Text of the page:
From our user research, we also learned that many individuals owned multiple window AC units. As a result, the left screen below provides an option for users to add multiple roots. We believed the best way to organize this were vertical, elongated containers to best imitate the shape of the root itself.
For the screen on the right, allowing users to simply turn their window AC's on and off from their phones wouldn't fully turn their window AC's into a smart device. Using the built-in thermostat in the root, we can allow users to set the exact temperature of the room. We also provide an ETA for how long it will take, which provides users with immediate feedback of their action. By doing so, we turn a $80 window AC into a $250 Nest, which based on our research, does a great job in addressing users pain points of manually setting the temperature.
Ultimately, the savings the root provides is one of the primary reasons users buy it, so we wanted users to be able to easily get an idea of how much their saving. As their savings go up, they likely become more and more excited about using the root.
We wanted to use machine learning to help control the climate (like the Nest thermostat) based on an individual's patterns to provide convenience for users. However, we also wanted to provide users with an option of manually setting their own schedules.
The design of the scheduling system was relatively difficult. Our goal was to provide users with an intuitive way of scheduling different blocks. We decided to have users use the drag interaction to set a block of time because they found this to be the most efficient interaction (once learned).
When users leave their home Wi-Fi range, we interpret this as them leaving their home/apartment. If they leave their window AC on, we send a notification to them to remind them to turn it off. We we're initially worried that sending too many notifications to users would get annoying. In order to get around this potential frustration, we integrated ML so that after the first week or two, Root begins learning your patterns and automates this process for you. In addition, as mentioned above, users can simply set a schedule for their root or turn notifications off (in settings).
After testing this out on potential users via InVision, users told us that they found it more valuable to have a tab style menu as opposed to a toggle menu for a variety of reasons. Firstly, users perceived this as a friction point to access core functionalities-two steps to view savings instead of one simple tap. Furthermore, we want to encourage users to view their savings as a form of gamification, so hiding it behind a toggle menu would likely be disadvantageous for us.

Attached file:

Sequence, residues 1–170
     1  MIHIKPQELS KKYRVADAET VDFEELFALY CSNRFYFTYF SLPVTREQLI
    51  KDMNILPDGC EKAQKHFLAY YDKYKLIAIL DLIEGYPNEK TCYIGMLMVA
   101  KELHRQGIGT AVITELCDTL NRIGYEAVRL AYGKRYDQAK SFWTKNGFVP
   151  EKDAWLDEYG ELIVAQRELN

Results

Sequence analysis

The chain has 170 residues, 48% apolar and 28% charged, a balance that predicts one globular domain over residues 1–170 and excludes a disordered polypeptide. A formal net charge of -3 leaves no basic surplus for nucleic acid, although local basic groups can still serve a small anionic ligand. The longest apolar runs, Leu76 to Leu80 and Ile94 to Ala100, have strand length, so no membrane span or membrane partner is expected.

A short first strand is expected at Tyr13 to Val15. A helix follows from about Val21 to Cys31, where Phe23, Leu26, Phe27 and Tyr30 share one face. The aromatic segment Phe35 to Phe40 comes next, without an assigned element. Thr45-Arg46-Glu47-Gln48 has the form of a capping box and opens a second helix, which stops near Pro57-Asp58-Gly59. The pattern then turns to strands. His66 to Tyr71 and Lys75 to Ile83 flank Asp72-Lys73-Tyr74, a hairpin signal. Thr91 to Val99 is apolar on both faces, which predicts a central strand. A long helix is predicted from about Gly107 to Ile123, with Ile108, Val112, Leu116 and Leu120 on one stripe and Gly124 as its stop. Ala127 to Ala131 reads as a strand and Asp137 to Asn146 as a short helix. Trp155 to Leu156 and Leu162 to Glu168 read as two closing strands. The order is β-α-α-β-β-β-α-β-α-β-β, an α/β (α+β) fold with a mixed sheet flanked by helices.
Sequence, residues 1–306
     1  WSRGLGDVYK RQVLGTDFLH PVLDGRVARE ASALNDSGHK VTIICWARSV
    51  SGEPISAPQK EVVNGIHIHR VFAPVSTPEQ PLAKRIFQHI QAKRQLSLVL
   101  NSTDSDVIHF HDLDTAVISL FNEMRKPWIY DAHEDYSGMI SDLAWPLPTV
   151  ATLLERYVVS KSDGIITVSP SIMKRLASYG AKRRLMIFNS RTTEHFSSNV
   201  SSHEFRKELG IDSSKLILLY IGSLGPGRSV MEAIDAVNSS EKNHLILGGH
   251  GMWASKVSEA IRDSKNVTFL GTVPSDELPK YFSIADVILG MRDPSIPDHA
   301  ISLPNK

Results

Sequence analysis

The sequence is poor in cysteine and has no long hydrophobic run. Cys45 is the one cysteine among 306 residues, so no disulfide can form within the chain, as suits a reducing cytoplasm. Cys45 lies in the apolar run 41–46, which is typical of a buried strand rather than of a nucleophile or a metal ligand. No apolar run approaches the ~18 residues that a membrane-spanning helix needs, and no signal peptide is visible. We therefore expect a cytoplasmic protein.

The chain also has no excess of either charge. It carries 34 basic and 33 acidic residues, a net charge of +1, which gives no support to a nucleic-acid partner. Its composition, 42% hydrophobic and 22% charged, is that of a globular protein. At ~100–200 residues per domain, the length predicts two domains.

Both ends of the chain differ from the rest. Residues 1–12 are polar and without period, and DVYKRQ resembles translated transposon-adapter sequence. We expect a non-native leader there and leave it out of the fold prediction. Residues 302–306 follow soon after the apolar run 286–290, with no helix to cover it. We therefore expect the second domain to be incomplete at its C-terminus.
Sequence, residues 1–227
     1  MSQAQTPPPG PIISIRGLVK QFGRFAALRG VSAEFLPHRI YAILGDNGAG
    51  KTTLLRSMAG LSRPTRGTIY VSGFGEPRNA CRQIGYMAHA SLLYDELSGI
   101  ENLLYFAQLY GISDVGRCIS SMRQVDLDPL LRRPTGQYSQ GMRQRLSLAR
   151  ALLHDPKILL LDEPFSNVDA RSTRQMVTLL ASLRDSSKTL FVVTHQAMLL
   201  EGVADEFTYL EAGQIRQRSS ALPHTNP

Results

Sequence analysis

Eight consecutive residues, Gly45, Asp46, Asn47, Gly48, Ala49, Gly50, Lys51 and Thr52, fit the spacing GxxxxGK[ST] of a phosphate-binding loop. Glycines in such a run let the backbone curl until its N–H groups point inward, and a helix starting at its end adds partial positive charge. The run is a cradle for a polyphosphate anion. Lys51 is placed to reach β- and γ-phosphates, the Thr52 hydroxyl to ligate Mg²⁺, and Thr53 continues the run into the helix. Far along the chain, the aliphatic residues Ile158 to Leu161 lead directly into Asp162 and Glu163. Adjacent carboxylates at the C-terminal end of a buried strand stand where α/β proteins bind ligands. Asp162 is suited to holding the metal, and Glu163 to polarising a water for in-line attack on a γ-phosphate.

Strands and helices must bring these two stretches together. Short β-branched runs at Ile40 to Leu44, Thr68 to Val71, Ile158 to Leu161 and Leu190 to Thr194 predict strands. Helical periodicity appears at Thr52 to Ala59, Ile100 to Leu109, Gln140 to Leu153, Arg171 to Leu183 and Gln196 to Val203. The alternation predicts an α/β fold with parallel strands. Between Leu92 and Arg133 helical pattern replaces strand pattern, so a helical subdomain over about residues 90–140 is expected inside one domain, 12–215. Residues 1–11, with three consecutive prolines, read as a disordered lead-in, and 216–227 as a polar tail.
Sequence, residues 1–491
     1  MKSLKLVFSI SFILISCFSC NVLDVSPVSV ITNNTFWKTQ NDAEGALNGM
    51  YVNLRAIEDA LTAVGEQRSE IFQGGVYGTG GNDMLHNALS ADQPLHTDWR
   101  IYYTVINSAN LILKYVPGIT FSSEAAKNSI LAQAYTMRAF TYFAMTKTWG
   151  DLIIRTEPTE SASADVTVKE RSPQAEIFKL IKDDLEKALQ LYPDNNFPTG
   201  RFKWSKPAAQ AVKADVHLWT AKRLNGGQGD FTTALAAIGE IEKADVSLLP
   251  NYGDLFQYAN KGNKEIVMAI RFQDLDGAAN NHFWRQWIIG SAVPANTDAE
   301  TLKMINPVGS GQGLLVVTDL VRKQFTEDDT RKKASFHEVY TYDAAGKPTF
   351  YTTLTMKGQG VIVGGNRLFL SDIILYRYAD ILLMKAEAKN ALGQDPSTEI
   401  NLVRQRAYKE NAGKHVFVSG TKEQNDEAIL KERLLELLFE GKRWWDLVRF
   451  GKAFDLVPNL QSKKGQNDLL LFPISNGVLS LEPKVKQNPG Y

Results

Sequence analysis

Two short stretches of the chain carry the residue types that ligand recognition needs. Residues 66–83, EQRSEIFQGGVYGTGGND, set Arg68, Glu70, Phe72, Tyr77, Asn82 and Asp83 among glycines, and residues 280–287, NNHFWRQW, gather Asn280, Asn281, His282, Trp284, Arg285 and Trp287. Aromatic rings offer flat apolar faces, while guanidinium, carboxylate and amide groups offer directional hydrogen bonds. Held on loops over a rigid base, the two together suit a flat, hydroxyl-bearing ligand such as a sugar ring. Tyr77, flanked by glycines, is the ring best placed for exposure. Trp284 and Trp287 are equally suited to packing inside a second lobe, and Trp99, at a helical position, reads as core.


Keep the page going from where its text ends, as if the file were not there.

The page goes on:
Ultimately, the team disbanded after the summer, and we were never able to bring this product into reality. This has definitely been a great learning experience. Working with a hardware startup is a new experience for me, and while it was challenging working directly with hardware and software developers, it was also extremely eye opening to learn about the technology itself, which is definitely something I wouldn't have learned otherwise. Given the capital constraints of a hardware startup, however, we're currently in an effort to raise capital (about $80k) to be able to manufacture our final product.
Looking back at it, the development of the wireframes felt someone rushed and could have definitely been considered more. For example, we missed a few different unlikely but possible use cases initially (i.e. root owners signing out), which we went back to correct therafter.
From a branding stand point, it was a challenge to design the brand ground up. How do we set ourselves apart from every other green tech start up? How do we "wow" our users while bringing simplicity into their lives? The website brought many of those questions into play, and we iterated through many different designs and copy styles to achieve this.